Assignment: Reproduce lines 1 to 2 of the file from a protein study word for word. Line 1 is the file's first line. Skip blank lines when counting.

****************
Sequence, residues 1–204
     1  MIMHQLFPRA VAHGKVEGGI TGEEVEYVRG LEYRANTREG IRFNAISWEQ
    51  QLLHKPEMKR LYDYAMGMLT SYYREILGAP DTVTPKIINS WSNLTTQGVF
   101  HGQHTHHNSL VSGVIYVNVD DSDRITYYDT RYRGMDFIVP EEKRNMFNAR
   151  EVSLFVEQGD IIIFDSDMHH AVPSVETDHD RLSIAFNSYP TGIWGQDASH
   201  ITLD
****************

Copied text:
Sequence, residues 1–204
     1  MIMHQLFPRA VAHGKVEGGI TGEEVEYVRG LEYRANTREG IRFNAISWEQ